Hello Oedipus, Old Spice Made Some Ads For You

Hello Oedipus, Old Spice Made Some Ads For You

I need your help. I think I need everyone's help in understanding how the new creeptastic Oedipus Spice Sprays commercials will compel anyone to buy Old Spice anything. I just don't understand unless they have a target audience of one: poor ol' Oedipus.

In the  commercial series, frumpy moms hide behind curtains, in trees and beneath the sand, singing dirges about their sons becoming men. This fact of life is really sad to these creepy, stalker moms, and they blame Old Spice. They blame Old Spice, and they want to watch.

The spots are aiming for cringetastic humor and a few moments (like the Big Lebowski Bowling Alley Mom) succeed. But mostly, they are just plain gross. It's like the mom with the ladder from I Love You Forever met other boundary-less moms in the worst support group ever and they formed a horrible band and this is their music video/cry for help.

I am the mother of two young adult men. I love funny, viral things as much as you,  but I do not understand how these commercials will sell sprays to me or to young men.  Why do they feel more creepy than funny? Here are the things I did to try to figure it out. 

Watched Them

Cringe. These moms are from horror film central casting and the spots play with tons of thriller tropes.  There's a Margo Martindale-looking mom and fuzzy redhead who looks like Piper Laurie playing the mom from the original Carrie. There's a Chucky-Faced Janitor-Masked mom. A Sand Monster Mom. They wash up like whales and slither out of couches and fall to the ground playing violins. The moms crying like witches in the trees? That isn't funny. That just makes the tree in Poltergeist or the "Angry Molesting Tree" option in Cabin in the Woods look like a piece of cake. 

They are boundary-less witches, they don't want their sons to grow up, and they are willing to tag after the car like the hook-handed guy in the urban legend in order to watch their sons during their sexytime dates. It's American Horror Story: The Coven lite. Um, no, still doesn't make me want to buy this stuff.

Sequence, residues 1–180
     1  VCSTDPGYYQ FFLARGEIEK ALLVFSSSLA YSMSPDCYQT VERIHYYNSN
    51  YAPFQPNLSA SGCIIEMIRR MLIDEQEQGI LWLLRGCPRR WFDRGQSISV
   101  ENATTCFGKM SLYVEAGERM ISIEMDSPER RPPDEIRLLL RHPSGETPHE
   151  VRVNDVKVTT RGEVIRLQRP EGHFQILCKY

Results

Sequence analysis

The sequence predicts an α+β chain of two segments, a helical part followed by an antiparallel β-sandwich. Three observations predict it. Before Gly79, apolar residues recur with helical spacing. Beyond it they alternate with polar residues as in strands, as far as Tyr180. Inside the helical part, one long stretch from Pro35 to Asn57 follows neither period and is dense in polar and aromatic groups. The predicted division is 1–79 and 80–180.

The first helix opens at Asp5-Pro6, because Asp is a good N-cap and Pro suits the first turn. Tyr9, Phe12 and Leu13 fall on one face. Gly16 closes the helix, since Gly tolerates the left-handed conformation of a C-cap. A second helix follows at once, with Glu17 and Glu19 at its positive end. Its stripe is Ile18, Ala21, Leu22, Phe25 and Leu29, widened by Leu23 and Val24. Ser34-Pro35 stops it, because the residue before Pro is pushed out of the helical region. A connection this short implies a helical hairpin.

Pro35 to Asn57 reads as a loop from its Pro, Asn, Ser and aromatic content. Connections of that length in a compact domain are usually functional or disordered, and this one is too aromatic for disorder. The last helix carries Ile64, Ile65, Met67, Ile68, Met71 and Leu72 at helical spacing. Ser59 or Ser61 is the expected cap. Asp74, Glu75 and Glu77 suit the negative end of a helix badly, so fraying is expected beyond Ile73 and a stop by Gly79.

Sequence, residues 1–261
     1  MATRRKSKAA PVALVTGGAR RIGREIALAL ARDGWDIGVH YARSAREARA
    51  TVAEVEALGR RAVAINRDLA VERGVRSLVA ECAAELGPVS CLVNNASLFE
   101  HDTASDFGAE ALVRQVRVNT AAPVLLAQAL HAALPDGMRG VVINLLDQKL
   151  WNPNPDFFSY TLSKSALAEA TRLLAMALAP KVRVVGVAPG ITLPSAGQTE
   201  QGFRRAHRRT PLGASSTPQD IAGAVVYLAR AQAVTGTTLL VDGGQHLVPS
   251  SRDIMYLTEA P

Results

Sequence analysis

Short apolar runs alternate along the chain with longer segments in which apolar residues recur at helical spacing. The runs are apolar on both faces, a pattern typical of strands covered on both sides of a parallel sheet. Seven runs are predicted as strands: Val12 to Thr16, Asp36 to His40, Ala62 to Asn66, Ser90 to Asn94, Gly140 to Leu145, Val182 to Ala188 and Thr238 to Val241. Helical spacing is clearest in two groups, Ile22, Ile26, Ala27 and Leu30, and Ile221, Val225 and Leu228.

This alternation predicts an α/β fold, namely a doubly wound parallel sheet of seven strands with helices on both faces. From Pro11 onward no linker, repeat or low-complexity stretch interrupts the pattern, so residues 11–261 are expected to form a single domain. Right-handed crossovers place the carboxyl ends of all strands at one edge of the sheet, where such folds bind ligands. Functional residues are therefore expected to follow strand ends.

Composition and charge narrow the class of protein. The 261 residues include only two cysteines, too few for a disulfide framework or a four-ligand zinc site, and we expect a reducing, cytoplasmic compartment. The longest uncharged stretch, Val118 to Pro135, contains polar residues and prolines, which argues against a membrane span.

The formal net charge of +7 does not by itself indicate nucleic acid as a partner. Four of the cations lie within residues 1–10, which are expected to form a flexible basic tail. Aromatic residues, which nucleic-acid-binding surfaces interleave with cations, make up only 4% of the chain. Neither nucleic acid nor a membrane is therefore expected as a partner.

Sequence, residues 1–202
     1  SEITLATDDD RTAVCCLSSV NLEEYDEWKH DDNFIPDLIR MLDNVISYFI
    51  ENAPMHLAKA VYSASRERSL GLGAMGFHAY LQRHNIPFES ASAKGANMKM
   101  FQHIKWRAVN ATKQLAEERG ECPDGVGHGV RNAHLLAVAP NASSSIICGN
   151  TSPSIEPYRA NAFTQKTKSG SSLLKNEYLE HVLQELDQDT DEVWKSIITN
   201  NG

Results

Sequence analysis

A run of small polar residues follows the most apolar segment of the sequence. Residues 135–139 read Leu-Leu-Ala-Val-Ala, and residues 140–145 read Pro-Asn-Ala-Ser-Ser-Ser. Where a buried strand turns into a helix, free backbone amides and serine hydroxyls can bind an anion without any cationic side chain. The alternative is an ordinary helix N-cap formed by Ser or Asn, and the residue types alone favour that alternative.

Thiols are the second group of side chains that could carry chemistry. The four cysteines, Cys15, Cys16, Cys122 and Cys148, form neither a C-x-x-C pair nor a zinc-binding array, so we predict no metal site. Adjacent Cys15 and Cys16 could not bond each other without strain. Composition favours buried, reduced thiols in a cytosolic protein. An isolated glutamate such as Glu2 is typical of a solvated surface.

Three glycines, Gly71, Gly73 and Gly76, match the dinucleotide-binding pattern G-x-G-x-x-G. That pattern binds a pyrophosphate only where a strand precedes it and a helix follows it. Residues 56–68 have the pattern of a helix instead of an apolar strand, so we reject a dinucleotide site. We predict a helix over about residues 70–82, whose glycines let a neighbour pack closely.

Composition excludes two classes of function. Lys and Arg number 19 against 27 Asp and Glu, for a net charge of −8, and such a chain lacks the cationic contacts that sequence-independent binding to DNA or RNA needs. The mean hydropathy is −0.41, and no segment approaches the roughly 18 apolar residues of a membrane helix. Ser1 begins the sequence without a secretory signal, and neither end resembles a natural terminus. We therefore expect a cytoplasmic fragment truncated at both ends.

Considered the Lyrics

As the central spot opens, the mom hides in her son's room while he dresses (hot naked torso and all), she sings:

Now I didn't see it coming

But it came in a can

Now my sweet son's sprayed into a man

Yeah, really. They said "came in a can."  They said "sprayed." I am really glad that mom didn't see that. We know it happens, sock, cans, whatever. And as a mom I can promise you we do everything in our power to avoid seeing that. Or smelling it. Or thinking about it. Until now. 

Old Spice, made a man of my son,

Now he smells like a man

And they treat him like one

That's the point of the song. The moms are mad at Old Spice. There's some stuff about little fingers and a smashed cake and it's really sick in there, I wouldn't stare at it too long.  Old Spice sprayed their boys into smanhood, and I'm more sure than ever that these songs are meant to be that moment, the red flag that comes up in horror movies, where kids just had sex and the creepy watching person-monster is not happy, and now someone is going to die so we want to yell at the kids to get out of the house/woods/car. NOW!

You need to talk to your therapist, Old Spice people.  Or get an order of protection from Stephen King. 

Got My Son's Point of View

So sex jokes, gag smells and psycho archetypes. Launched during NFL programming. Clearly I'm not the target audience for this particular campaign. 

I forwarded one commercial to my son and asked him what he thought. His response:

Creepy.  

That's it, that's all. He gave it a view. Done. 

I asked if it made him want to try Old Spice and he's like, yeah, no. 

Analyzed the Tagline

"Smellcome to Manhood."  Yes, they did in fact go for it, for that elusive "it" of young manly smells, by making sure the word "come" was in there with a portmanteau that brings up "smell" and "smegma."

It is now clear that this spot isn't meant to make guys think: huh, if I smell good I will get laid. It tells them: you stink now and we all know why, and mom is still smelling your boxers,  so cover up your funk with some spray so she doesn't wig out.

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